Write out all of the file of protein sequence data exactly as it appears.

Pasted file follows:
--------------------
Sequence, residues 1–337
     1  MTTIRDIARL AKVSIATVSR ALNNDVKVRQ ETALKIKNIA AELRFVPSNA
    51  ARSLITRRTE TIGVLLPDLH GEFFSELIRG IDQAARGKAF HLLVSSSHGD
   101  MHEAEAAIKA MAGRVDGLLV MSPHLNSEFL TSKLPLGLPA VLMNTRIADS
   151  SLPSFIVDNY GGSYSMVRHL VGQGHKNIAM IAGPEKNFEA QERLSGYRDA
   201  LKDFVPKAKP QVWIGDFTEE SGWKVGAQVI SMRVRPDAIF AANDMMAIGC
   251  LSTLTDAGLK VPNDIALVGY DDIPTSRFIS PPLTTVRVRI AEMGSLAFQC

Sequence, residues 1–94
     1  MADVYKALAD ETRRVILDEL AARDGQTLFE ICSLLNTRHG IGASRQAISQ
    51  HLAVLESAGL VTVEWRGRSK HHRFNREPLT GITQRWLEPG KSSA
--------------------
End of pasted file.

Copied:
Sequence, residues 1–337
     1  MTTIRDIARL AKVSIATVSR ALNNDVKVRQ ETALKIKNIA AELRFVPSNA
    51  ARSLITRRTE TIGVLLPDLH GEFFSELIRG IDQAARGKAF HLLVSSSHGD
   101  MHEAEAAIKA MAGRVDGLLV MSPHLNSEFL TSKLPLGLPA VLMNTRIADS
   151  SLPSFIVDNY GGSYSMVRHL VGQGHKNIAM IAGPEKNFEA QERLSGYRDA
   201  LKDFVPKAKP QVWIGDFTEE SGWKVGAQVI SMRVRPDAIF AANDMMAIGC
   251  LSTLTDAGLK VPNDIALVGY DDIPTSRFIS PPLTTVRVRI AEMGSLAFQC

Sequence, residues 1–94
     1  MADVYKALAD ETRRVILDEL AARDGQTLFE ICSLLNTRHG IGASRQAISQ
    51  HLAVLESAGL VTVEWRGRSK HHRFNREPLT GITQRWLEPG KSSA